Category: Pharmacy

The last time I went to the doctor, I noticed that the prescription pad was quickly becoming a thing of the past. The doctors and pharmacists I interacted with relied primarily on Web based forms, direct faxes, and large pharmaceutical databases to provide the prescriptions and information I needed.

What did we do before this online convenience? One option was to pick up the telephone and call the College of Pharmacy.

The College of Pharmacy provided a public information service for questions related to prescription drugs. Inquiries came in through letters and telephone calls and often sought the composition of pharmaceuticals, translations of foreign prescriptions, and general advice on the interpretation of prescriptions. Most questions came from local pharmacists; however, some were from the general public. At times the information service attracted people passing along employment information and even a solicitation from one pharmacist wanting to sell his business.

From the late 1950s through the early 1960s, Charles Netz, professor of pharmaceutical technology, provided most of the responses. Each answer was usually typed out and given to the pharmacy librarian for filing.

In addition to his duties of teaching and providing pharmaceutical reference information, Netz also served as president of the Minnesota Pharmaceutical Association in 1950, associate dean for the College of Pharmacy beginning in 1960, and acting dean in 1966. He also authored the History of the University of Minnesota College of Pharmacy, 1892-1970. Netz was a member of the faculty from 1918 until retiring in 1966.

View selected responses to questions for the College's information service from 1961 below. Topics include questions on mink oil in an ointment, confirming a prescription for Sodium Phenobarbital, an attempt to identify a prescription from Poland, and a pharmacist looking to sell his business.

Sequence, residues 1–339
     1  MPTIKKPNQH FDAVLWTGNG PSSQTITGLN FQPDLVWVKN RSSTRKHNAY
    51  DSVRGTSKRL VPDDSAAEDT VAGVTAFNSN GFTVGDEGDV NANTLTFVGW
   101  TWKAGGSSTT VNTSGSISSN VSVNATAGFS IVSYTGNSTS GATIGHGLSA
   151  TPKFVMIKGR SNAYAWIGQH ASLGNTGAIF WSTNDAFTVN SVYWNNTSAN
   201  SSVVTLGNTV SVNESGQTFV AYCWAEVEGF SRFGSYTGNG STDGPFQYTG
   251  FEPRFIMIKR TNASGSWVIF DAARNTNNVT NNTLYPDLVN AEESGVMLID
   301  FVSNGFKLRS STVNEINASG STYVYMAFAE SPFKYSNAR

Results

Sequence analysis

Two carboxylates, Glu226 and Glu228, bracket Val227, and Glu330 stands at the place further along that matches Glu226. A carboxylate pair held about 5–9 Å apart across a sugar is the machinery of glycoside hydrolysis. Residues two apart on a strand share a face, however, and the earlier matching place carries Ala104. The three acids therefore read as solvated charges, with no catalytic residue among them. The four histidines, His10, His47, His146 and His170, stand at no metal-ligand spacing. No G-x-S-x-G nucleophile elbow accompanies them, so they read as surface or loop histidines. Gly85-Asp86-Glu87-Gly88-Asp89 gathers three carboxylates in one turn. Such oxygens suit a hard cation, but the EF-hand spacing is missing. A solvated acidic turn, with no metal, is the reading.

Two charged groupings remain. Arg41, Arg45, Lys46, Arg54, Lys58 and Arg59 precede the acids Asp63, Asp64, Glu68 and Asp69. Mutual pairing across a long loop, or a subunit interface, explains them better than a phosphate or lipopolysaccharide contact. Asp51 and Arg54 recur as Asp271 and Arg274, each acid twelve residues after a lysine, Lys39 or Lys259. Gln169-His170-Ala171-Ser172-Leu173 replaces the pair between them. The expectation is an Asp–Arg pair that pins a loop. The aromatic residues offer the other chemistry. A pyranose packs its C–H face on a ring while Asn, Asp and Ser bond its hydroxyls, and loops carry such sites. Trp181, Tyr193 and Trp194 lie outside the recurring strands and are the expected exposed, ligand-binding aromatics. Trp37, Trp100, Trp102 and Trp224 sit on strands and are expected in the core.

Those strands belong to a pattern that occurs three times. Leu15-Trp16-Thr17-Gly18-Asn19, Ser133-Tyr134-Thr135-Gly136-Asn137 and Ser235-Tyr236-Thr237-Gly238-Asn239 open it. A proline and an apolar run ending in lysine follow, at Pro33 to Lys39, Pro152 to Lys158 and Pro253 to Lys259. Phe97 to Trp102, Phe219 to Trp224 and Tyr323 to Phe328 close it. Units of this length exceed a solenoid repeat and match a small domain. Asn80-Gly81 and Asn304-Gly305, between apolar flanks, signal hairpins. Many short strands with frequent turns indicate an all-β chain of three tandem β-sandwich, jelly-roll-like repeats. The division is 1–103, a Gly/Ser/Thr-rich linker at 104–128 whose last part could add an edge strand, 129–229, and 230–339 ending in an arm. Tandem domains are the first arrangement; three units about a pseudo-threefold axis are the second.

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img0034.jpgWhat does your yearbook say about you? A former University of Minnesota yearbook The Gopher approached the sentimentality surrounding graduation and the passing on of traditions in a less than serious manner.

For example, below are a few selections describing students in the School of Dentistry from 1908.

Name: Colie
Occupation: Answering roll call
Drink: Hops

Name: Mitt
Occupation: Collecting matches
Drink: Hoods Sarsaparilla

Name: Sandy
Occupation: Forgetting
Drink: Hot Scotch


The College of Pharmacy students graduating that same year did not fare much better.

Dretchko, A. L. So little is known concerning him that perhaps the less said about him the better.

Earl, Fred, W. Fred cares about as much for Botany as bacteria for a dead clam.

Erchenbrack, Earl S. His September modesty is now a thing of the past. Why, he even learned how to smoke!


Similar remarks (and more) are available on today’s students’ Facebook or MySpace pages. The difference is today’s employers are more likely to stumble across the comments via Google.

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The AHC History Project is a collaborative effort between the Academic Health Center and the University Libraries.